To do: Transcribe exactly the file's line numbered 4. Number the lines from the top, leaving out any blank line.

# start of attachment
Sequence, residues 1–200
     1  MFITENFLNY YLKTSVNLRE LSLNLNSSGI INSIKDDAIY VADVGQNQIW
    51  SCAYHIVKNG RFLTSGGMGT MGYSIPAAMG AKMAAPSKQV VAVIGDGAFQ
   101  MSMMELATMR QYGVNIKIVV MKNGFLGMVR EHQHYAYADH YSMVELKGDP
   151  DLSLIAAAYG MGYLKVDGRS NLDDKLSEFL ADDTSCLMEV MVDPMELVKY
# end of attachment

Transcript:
   101  MSMMELATMR QYGVNIKIVV MKNGFLGMVR EHQHYAYADH YSMVELKGDP